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Vietnam’s Mekong Delta braces for serious saltwater intrusion

Thursday, January 16, 2020, 16:12 GMT+7
Vietnam’s Mekong Delta braces for serious saltwater intrusion
A dam is built to minimize the effect of saltwater intrusion in the Mekong Delta province of Hau Giang. Photo: Chi Cong / Tuoi Tre

As saltwater intrusion continues to affect several areas of Vietnam’s Mekong Delta just weeks before the Lunar New Year on January 25, authorities in many provinces are preparing to launch various plans meant to mitigate its negative impact and ensure the livelihoods and production abilities of residents.

According to Deputy Minister of Agriculture and Rural Development Nguyen Hoang Hiep, saltwater intrusion in 2020 began one month earlier than previous years and is expected to impact 10 of the13 provinces which together make the region.

In Long An Province alone, the phenomenon is forecast to damage more than 14,000 hectares of rice paddy, said Dinh Thi Phuong Khanh, deputy director of the provincial agriculture department.

Over 8,300 households in Can Giuoc and Can Duoc Districts will be deprived of fresh water, Khanh added.

Local authorities have taken certain measures to ensure sufficient resources at local water companies, while granting affected residents access to soft loans from the Vietnam Bank for Social Policies in order to afford rainwater tanks and water filters.

Necessary procedures are being expedited to begin the construction of various irrigation works and temporary embankments across the province.

In Ca Mau Province, farmers have been struggling to ensure enough water for their rice paddy.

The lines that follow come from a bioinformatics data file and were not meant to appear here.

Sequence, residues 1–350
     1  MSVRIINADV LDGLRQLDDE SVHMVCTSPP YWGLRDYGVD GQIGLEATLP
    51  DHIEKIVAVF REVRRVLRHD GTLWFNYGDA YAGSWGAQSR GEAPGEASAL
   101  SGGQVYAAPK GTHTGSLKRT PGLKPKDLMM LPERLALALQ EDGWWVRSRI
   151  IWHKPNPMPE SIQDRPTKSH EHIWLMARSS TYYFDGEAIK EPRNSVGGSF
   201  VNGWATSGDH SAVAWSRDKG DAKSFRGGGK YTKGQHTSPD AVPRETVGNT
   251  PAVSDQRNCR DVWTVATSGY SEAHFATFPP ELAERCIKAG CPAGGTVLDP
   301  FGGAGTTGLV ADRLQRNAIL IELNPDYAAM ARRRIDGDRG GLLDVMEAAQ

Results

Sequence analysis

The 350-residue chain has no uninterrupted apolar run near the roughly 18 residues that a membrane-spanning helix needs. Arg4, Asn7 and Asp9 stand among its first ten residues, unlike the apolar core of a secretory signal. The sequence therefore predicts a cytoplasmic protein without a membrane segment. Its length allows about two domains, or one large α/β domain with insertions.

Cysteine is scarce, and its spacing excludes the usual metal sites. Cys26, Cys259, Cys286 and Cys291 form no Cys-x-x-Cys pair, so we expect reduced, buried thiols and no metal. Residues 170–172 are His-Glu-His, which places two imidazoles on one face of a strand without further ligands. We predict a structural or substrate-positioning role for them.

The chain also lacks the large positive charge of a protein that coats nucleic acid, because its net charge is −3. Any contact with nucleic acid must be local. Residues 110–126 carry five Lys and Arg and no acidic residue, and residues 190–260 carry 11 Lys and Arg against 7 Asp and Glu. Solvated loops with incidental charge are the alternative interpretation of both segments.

Ba Tri Reservoir, a project aimed at coping with saltwater intrusion in the Mekong Delta province of Ben Tre. Photo: M.Tr. / Tuoi Tre

Ba Tri Reservoir, a project aimed at coping with saltwater intrusion in the Mekong Delta province of Ben Tre. Photo: M.Tr. / Tuoi Tre

Statistics from the provincial Department of Agriculture and Rural Development showed that approximately 16,550 hectares of paddy has been affected, while 130,000 hectares of shrimp farms is under threat from the saltwater intrusion.

About 3,560 households are suffering from a freshwater shortage, a number expected to rise to 13,500 in the near future.

The phenomenon has also caused land subsidence in multiple areas across the province.

Le Thanh Trieu, director of the Ca Mau agriculture department, said a series of measures have been carried out to cope with the situation for the time being.

As a long-term solution, reservoirs will be built to store water for the dry season.

In Hau Giang Province, dams have been built in many areas to minimize the consequences brought about by saltwater intrusion.

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